The carburetor (carburettor in British English, "carb" for short) is a device which mixes air and fuel for an internal-combustion engine. Carburetors are still found in small engines and in older or specialized automobiles such as those designed for stock car racing. However, most cars built since the early 1980's use fuel injection instead of carburetion.

Most carbureted (as opposed to fuel-injected) engines have a single carburetor, though some, primarily higher performance engines, can have multiple carburetors, each feeding a set of cylinders. Small propeller-driven flat airplane engines have the carburetor below the engine.

Parts of a Carburetor:

When you press the accelerator ("gas pedal"), the throttle plate (a circular flap which limits the amount of air entering the carb) opens, fuel enters the carb through the accelerator pump, and flows into the bowl, where a float measures a fixed volume of fuel ready for use. The movement of the pistons (when the intake valves are open), causes air to be drawn into the carburetor (through the air cleaner). Air enters the neck of the carburetor and flows through the venturi, where the narrowed passage causes the air to speed up - lowering pressure - drawing fuel into the venturi from the bowl through the jets. The venturi also causes a tornado-like airflow to mix the air and fuel. The air-fuel mixture then exits through the intake manifold, through the intake valves into the cylinders.

Some carburetors have more than one venturi, or "barrel"; this is to accommodate the higher air flow rate on larger-displacement engines. Multi-barrel carburetors can have primary and secondary barrels, the latter opening only when the engine is working hard. A 4-barrel carburetor often has two primary and two secondary, for example. The reason for this is that a big carburetor, optimised for high flow rates, is inefficient at lower rates; such a primary/secondary arrangement attempts to be the best of both worlds.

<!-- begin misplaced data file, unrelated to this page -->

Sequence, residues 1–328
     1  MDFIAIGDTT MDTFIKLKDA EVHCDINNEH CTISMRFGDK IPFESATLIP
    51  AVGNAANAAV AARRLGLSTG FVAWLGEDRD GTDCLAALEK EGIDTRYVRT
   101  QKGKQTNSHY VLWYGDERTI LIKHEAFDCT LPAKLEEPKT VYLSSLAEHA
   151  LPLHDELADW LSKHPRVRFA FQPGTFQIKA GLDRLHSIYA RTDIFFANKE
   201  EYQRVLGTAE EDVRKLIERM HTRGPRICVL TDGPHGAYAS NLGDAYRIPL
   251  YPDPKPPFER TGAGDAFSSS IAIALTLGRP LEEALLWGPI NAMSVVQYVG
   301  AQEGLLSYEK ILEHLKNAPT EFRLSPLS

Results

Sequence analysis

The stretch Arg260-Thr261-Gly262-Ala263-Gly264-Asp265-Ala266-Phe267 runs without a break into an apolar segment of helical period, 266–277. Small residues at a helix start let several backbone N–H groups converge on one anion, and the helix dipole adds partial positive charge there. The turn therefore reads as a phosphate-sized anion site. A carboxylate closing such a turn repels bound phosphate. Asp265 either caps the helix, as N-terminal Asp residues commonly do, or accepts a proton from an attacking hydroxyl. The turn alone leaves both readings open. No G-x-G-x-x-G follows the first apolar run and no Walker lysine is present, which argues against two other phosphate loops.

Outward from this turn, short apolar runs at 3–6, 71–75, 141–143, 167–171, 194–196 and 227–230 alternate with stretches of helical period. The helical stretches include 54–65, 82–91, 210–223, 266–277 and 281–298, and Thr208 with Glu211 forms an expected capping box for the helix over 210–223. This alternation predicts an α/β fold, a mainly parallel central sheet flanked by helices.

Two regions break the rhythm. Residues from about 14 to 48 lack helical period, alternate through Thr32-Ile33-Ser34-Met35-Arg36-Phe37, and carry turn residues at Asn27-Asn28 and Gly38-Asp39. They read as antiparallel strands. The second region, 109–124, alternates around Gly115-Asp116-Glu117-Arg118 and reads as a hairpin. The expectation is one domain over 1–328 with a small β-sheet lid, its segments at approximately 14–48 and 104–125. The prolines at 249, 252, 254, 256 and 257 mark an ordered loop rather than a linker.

When the engine is cold, a much higher ratio of fuel to air is required. A mechanical (or more commonly automatic electrical) choke closes the butterfly valve, a larger version of the throttle plate.

Too much fuel in the fuel-air mixture is referred to as too "rich"; not enough fuel is too "lean". The "mixture" is normally controlled by adjustable screws on an automotive carburetor, or a pilot-operated lever on a propeller aircraft (since mixture is altitude-dependent).

In diesel engines, and most modern gasoline (petrol) engines, the carburetor has been replaced by fuel injection which mixes air and fuel and injects the mixture directly into each cylinder.

The carburetor was invented by the Hungarian engineer Donát Bánki in 1893.